a mineral fiber that has, in the past, been added to a variety of products to
strengthen them and to provide heat insulation and fire resistance.
a proven carcinogen. Breathing high
levels of asbestos can lead to an increased risk of lung cancer, mesothelioma
(cancer in the lining of the chest and abdominable cavity), and asbestosis
(lungs become scarred with fibrous tissue).
The risk of lung cancer is greatly increased if you smoke. Those who get
asbestosis have usually been exposed to high levels for a long period of
time. The symptoms of these diseases do
not usually appear until 20 to 30 years after the first exposure to
to the Maricopa County asbestos enforcement program,
NESHAP, it is usually best to leave asbestos that is in good condition alone.
Generally, material that is in good condition will not release asbestos
fibers. However, if removal is
necessary, determine the amount of asbestos
containing material. If the amount is 160
square feet, 260 linear feet, 35 cubic feet or more, it is regulated
asbestos and must be removed by a certified contractor. Take care to hire a professional asbestos
contractor who is trained in handling asbestos material. The federal government
has training courses for asbestos professionals around the country. Some state and local governments also have or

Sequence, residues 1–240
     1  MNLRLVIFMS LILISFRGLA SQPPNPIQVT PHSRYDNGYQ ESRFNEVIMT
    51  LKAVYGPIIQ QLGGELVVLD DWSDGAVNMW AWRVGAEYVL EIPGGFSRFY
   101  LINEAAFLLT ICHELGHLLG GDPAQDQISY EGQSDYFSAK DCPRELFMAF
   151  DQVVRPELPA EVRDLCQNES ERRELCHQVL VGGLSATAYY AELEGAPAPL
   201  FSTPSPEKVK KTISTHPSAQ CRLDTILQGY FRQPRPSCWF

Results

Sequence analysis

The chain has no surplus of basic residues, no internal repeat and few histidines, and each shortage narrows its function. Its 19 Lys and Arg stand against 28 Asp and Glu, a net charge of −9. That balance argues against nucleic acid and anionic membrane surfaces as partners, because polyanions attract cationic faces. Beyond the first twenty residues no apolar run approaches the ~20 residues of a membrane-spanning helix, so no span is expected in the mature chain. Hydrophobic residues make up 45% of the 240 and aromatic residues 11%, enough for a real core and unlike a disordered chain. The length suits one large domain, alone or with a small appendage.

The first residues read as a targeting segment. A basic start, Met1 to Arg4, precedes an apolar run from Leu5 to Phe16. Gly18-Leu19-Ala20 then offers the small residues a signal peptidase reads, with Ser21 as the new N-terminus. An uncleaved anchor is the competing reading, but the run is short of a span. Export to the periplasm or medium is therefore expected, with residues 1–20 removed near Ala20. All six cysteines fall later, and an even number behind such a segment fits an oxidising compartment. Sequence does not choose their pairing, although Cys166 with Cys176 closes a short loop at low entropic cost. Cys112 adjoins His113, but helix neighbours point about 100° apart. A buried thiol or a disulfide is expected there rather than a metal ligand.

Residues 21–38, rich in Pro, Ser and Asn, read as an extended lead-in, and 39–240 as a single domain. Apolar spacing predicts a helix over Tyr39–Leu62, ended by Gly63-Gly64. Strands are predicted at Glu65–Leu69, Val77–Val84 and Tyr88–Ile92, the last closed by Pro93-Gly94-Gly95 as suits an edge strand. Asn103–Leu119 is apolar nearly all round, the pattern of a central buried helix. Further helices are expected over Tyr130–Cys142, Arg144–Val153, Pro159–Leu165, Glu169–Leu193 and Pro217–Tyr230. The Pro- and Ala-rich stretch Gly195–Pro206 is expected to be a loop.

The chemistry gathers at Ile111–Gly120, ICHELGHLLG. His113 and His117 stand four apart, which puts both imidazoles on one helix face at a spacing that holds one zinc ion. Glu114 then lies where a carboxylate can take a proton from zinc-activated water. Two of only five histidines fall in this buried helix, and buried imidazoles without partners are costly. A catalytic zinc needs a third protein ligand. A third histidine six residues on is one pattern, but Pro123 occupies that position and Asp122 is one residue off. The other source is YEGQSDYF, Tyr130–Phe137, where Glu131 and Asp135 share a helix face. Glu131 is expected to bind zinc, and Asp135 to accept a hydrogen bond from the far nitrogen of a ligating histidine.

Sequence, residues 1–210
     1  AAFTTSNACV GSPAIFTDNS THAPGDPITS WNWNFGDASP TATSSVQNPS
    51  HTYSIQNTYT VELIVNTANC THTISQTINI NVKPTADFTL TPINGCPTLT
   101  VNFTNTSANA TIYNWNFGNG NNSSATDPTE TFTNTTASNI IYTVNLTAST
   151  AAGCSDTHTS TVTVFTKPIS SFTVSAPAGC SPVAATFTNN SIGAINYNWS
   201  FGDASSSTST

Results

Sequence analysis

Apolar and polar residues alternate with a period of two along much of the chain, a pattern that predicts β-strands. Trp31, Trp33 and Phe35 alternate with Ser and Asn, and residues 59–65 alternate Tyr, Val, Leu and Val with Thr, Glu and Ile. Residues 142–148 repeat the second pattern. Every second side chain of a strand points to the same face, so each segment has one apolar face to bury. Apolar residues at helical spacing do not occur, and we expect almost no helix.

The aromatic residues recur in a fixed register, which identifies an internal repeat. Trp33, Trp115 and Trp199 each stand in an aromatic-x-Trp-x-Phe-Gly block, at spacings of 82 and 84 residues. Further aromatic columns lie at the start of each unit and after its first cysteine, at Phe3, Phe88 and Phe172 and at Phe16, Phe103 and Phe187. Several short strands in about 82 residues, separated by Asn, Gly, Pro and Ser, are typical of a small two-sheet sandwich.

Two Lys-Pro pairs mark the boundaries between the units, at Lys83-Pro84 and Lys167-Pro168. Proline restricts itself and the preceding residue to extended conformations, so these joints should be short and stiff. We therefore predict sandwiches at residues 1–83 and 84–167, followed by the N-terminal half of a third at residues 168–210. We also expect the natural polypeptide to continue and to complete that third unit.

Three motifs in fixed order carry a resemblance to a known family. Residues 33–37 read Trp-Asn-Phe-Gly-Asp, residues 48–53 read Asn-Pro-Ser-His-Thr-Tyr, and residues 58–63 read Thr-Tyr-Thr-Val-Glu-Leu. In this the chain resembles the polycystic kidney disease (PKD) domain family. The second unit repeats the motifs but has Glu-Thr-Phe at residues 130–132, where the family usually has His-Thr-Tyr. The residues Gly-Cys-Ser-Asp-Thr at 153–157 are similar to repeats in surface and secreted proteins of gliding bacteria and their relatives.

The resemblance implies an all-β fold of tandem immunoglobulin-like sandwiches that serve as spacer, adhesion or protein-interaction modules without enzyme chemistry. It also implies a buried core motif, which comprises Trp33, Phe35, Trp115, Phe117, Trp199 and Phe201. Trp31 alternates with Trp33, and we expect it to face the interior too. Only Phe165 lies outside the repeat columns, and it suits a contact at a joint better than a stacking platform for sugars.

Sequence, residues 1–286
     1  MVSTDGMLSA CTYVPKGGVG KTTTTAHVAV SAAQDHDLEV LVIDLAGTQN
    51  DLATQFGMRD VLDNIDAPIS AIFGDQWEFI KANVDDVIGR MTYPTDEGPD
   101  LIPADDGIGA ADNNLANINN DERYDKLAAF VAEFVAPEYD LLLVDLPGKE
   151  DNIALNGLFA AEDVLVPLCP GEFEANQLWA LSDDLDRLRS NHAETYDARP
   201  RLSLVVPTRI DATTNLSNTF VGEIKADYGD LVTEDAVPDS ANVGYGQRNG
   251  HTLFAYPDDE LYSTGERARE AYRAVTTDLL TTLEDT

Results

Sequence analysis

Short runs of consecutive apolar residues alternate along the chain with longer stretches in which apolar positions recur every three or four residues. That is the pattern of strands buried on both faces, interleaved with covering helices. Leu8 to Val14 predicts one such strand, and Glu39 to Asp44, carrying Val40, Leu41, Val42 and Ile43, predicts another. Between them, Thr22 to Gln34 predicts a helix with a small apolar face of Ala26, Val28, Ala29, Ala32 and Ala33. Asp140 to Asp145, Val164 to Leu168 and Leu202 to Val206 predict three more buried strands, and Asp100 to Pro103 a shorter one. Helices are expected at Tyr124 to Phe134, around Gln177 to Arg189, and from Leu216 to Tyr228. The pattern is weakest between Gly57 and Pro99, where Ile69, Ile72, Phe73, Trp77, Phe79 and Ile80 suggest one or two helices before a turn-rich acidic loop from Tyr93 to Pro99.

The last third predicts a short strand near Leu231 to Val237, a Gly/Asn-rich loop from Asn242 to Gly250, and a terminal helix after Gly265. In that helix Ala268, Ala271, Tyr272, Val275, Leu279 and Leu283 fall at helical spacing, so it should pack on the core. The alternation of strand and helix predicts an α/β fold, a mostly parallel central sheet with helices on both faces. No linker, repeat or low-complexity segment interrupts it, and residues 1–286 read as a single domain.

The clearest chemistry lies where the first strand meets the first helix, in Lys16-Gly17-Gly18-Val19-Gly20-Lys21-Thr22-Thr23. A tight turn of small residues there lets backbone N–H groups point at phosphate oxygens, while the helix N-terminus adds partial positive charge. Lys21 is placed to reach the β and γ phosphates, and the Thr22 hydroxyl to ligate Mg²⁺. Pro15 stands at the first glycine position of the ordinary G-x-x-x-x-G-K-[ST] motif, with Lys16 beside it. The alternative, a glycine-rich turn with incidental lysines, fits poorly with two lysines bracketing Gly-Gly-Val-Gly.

require training or certification courses. A list of professional contractors
is available from the Arizona Department of Environmental Quality or the EPA
following link to learn the demolition guidelines as regulated by NESHAP, www.maricopa.gov.
asbestos containing material that is smaller than 160 square feet, 260 linear
feet, or 35 cubic feet, is not regulated by NESHAP. However, the EPA recommends hiring a
professional for all asbestos removal.
Visit www.epa.gov for
more information on asbestos removal and testing.
(National Emission Standards for Hazardous Air Pollutants)
County Department of Environmental Quality regulates waste removal in
commercial building and multiple housing (apartments or when several single-family
dwellings are affected). Contact them at 602-506-0380 or visit them at www.maricopa.gov/envsvc